On October 13, a rally took place in Nalchik in commemoration of large scale armed clashes in the city on the same day back in 2005. Relatives of victims from the opposing sides, the police and the insurgents, attended the gathering. An estimated 35 policemen and servicemen, 14 civilians and 92 insurgents died in the October 13, 2005 attack, while 58 alleged rebels are currently on trial on terrorism related charges (www.kavkaz-uzel.ru, October 13).
Despite the fact that the police at the time claimed it was a great success, the situation in Kabardino-Balkaria has not improved since then; on the contrary, it has rapidly deteriorated. Besides numerous attacks on the officials and the law enforcement agents, the first ever rebel attack on a hydroelectric plant in the North Caucasus took place in Kabardino-Balkaria on July 21.
On October 11, a Russian military truck was blown up by an explosive device in Chegem. The attack left three servicemen injured, according to official sources, while the rebel website Kavkaz Center reported deaths. That same day, the head of Nalchik’s crime detection unit was wounded in an attack (www.kavkaz-uzel.ru, October 11). On October 9, an officer of Kabardino-Balkaria’s Supreme Court was killed in an attack in the northern Baksan district, which is currently considered one of the most unstable districts in the republic (Interfax, October 10).
Five years after the attack on Nalchik, Kabardino-Balkarian society is still deeply divided over the causes of those events. On October 12, the Kabardino-Balkarian Human Rights Center published an address signed by its chairman Valery Khatazhukov that blamed the destabilization in the republic on the government’s inappropriate actions. “One to one-and-a-half years before those events [the October 13, 2005 attack] the adherents of an armed jihad comprised only small groups and did not have any significant influence among the Muslims,” the rights activists said. “However, unlawful and unjustifiable oppression against the Muslims, their physical persecution, torture, unlawful detention, searches and shutting down their mosques rapidly radicalized them and strengthened the positions of the forces that preached armed jihad” (http://zapravakbr.ru/newfile_265.htm).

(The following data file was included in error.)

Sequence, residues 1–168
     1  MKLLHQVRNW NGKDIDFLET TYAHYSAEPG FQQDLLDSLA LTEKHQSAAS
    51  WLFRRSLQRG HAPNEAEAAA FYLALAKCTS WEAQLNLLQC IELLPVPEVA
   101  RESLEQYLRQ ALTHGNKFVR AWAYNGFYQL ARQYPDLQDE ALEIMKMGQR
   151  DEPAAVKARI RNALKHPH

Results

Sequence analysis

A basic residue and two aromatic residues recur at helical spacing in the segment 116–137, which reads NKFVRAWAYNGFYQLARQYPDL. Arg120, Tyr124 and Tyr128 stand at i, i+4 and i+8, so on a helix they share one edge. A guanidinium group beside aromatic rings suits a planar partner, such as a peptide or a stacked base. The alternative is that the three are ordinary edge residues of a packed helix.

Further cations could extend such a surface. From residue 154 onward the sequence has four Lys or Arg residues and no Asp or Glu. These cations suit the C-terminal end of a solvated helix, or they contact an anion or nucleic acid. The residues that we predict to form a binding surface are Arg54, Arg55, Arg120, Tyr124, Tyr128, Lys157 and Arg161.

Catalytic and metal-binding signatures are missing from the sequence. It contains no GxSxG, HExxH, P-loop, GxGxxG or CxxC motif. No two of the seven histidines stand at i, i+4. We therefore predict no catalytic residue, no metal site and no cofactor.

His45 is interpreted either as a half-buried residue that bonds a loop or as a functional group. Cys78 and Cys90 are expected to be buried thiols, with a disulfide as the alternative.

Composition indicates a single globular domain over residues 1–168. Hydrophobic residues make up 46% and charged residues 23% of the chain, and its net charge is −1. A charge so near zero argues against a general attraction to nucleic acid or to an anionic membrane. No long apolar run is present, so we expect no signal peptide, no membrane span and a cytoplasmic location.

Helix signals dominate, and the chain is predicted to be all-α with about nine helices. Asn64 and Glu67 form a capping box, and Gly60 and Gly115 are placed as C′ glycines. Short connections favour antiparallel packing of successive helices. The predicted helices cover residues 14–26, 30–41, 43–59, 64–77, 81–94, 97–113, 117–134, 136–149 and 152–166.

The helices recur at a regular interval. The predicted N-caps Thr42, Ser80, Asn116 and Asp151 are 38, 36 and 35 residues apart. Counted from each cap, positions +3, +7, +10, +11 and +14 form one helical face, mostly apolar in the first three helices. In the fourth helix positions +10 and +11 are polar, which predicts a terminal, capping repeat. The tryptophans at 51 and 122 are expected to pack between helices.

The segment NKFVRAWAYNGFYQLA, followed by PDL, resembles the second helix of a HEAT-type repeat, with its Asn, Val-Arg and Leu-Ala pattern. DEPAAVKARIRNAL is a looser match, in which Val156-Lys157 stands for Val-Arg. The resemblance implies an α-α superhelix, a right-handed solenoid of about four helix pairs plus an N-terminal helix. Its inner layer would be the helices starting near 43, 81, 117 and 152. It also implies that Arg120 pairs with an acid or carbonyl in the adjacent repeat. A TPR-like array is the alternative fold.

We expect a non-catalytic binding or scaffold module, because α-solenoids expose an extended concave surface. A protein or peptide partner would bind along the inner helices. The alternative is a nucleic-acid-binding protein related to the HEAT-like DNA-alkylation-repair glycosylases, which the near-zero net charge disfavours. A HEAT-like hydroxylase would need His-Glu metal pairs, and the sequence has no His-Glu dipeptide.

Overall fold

According to the statement, society and the government failed to properly analyze the October 13, 2005 events, which could prevent a further escalation of violence. The rights activists conceded that the authorities initially made some efforts to stabilize the situation in the Muslim community. In particular, the rights activists did not until recently detect mass violations of Muslims’ rights, while the latter received opportunities to defend their rights, including in court. However, since the start of the year, the armed rebels have become galvanized. The statement went on to say that, “explosions, killings of the law enforcement agents [and] increasingly often also of the civilians became part of our daily routine.” Simultaneously the rights activists detected an increase in the number of abductions and extralegal killings of Muslims, as well as illegal detentions and torture. The authors of the statement sternly warned that civil war in the republic was looming. To prevent the worst-case scenario, they offered to start a wide-ranging civic discussion of contentious, terrorism-related issues in order to preclude federal law enforcement agencies from becoming immune to federal and republican laws. The human rights center also supported Kabardino-Balkarian President Arsen Kanokov’s idea of subordinating the police force to him in order to govern the republic properly.
Paradoxically, Moscow does not trust even those very people it appoints directly to rule the regions. It is highly unlikely that President Kanokov will receive any additional powers to fight the insurgents or talk them into submission. The contemporary Kremlin actually appears to be predisposed to tolerate a low-scale civil war across the North Caucasus rather than to give the people a greater right to govern themselves. Thus the conditions in the North Caucasus are increasingly coming to resemble those of a colony governed from abroad.
Meanwhile Moscow has come up with a response to the activism of vis-à-vis the issue of the 2014 Sochi Olympics. The Circassians (aka Kabardins, Cherkess, Adygeis, Shapsugs) launched a campaign against the 2014 Winter Olympics in Sochi, claiming it was the site of genocide, where many of their ancestors were slaughtered or deported by the advancing Russian imperial army. The cause has garnered noticeable support around the globe among the numerous Circassian Diasporas and from neighboring Georgia, motivating the North Caucasian Circassians to make their voice heard as well. So, for the first time, Moscow sponsored the so-called Caucasian Games, which finished in Karachaevo-Cherkessia on October 12 and are scheduled to be held again there next year (www.kavkaz-uzel.ru, October 12).
Moscow generally is wary of supporting any horizontal links among the North Caucasian republics. Only an issue of some urgency, like distracting the Circassians from their aggrieved memories, could have moved Moscow to sponsor the Caucasian Games. However, the situation across the North Caucasus is so explosive that holding the Caucasian Games is unlikely to appease any substantial force in the region.